Letter 500One of Herman Allen’s lettersI have been doing project-based learning for years, and since 2001 my students have built an eight-volume local history archive called the Wayland High School History Project (whshistoryproject.org). The basic approach gets students taking on the role as historians, discovering, writing, and publishing what they find. It’s quite astonishing what kids have uncovered over the years, which helps them see in microcosm national trends and developments of past periods. I’m inspired by what historian Jill Lepore asserts: “History is the art of making an argument about the past by telling stories accountable to evidence.” The projects combine analytical and narrative history, and I have found that when young people morph into amateur historians, they both master content and hone a wide range of thinking and collaboration skills. Meanwhile, they authentically contribute to the historical record in memory-based community service projects.

Your students have uncovered some remarkable stories through your research. Tell us about some of them.

This year’s project is the third in recognition of the 100th anniversary of the First World War. In 2015 we focused on the home front in 1915 as war raged abroad. We wanted to know just how citizens in our area responded to the tenor and trends of the times, and discovered the amazing story of Jessica Henderson, a radical suffragist, political radical, and war opponent (one of her sons fought---we even uncovered her Bureau of Investigation file!).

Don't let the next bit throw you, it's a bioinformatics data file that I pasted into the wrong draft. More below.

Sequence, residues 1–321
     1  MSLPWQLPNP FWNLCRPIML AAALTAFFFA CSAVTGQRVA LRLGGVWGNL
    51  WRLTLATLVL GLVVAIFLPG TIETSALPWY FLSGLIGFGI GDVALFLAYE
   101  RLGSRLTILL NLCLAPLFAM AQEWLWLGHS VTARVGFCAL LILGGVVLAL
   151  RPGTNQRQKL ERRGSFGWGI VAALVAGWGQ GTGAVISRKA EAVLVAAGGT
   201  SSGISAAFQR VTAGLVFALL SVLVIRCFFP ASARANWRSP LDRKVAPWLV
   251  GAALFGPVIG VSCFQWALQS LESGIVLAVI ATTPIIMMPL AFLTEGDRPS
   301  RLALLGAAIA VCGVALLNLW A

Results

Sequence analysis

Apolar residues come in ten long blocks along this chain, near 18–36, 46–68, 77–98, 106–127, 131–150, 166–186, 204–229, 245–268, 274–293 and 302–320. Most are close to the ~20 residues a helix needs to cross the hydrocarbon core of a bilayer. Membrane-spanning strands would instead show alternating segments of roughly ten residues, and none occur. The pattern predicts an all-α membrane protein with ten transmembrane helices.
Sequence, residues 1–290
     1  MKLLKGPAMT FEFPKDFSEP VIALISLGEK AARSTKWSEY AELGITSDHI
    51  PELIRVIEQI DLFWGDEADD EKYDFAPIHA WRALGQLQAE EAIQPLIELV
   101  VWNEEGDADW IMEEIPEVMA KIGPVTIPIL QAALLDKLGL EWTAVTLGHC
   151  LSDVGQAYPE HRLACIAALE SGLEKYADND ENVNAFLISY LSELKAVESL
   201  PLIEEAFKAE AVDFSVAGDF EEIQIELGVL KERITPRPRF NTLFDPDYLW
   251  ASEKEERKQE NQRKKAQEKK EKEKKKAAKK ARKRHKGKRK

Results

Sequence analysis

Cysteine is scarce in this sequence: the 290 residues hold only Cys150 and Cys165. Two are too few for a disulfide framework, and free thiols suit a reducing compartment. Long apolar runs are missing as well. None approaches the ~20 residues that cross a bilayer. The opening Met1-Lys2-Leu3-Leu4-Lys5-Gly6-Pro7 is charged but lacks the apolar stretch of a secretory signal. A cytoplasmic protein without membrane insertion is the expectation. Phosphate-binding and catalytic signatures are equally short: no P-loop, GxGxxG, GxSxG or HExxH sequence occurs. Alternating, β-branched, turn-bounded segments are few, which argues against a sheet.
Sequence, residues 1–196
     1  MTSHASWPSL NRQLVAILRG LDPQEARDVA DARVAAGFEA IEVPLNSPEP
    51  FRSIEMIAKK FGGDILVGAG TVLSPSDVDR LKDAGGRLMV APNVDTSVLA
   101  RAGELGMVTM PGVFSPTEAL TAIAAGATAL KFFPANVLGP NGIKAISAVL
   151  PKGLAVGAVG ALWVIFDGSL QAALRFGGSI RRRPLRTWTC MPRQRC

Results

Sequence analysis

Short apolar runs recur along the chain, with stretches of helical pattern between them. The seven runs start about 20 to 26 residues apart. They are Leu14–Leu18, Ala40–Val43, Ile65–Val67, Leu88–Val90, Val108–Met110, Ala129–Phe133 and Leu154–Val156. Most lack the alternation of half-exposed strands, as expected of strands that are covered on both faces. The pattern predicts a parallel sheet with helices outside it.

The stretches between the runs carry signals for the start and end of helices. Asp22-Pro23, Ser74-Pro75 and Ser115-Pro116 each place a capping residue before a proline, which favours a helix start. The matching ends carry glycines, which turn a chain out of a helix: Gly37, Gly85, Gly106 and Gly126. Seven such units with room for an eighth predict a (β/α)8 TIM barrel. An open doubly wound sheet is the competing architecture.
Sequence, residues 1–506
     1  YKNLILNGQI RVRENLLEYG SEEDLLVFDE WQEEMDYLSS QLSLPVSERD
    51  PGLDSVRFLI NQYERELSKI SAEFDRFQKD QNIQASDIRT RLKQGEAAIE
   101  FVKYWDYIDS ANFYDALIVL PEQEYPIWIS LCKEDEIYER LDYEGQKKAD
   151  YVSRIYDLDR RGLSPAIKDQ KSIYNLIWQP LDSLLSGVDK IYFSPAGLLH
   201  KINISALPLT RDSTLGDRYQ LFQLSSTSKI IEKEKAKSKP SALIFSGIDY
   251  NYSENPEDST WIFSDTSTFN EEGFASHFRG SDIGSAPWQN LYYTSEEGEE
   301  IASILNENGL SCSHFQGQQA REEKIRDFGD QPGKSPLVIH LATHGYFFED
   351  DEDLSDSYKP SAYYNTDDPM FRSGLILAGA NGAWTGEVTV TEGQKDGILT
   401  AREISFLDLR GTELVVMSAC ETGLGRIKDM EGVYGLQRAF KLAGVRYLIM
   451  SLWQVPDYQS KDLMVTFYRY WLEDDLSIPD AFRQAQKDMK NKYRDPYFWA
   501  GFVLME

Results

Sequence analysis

Last year we wanted to learn about the men from town who joined the ranks, especially the four who never made it home and whose names are now on commemorative road signs and bear silent witness to busy intersections in town. One in particular, Charles Alward, has quite a story. As we excavated aspects of his life, we discovered a reference to a war journal he kept, stored in the Massachusetts National Guard Archives in Concord. We contacted the people there and made arrangements, with our scanner, to visit. Alward’s entire war journal is now posted on his page; when reading, you can see his death approaching like a freight train. The archives also hold the telegrams notifying his parents of his tragic end, as well as the original letter his mother wrote, respectfully asking for her lost son’s body (all posted on our site). He did make it home, and now rests in a small Wayland burial ground. There’s much more posted, but those are a couple of highlights.

Why is this important for you to do this? What do you want your students to take away from this extraordinary experience?
My experience is that history often seems distant and removed from teenagers’ everyday lives. Too often they see history as mere facts to memorize and then provide back to their teachers on tests. What I think project-based history can do is help students understand the process of constructing the past, that there we make choices of omission and inclusion. They learn the so-called 21st century skills of inquiry, creativity and collaboration. As importantly, taking an approach that involves storytelling about individuals’ lives has a humanizing effect; students readily gain a deep level of historical empathy by getting to know people who don’t make the typical textbook. There are a lot of creative ways to effectively teach history, but this is the one that works best for me.

 

LeRoy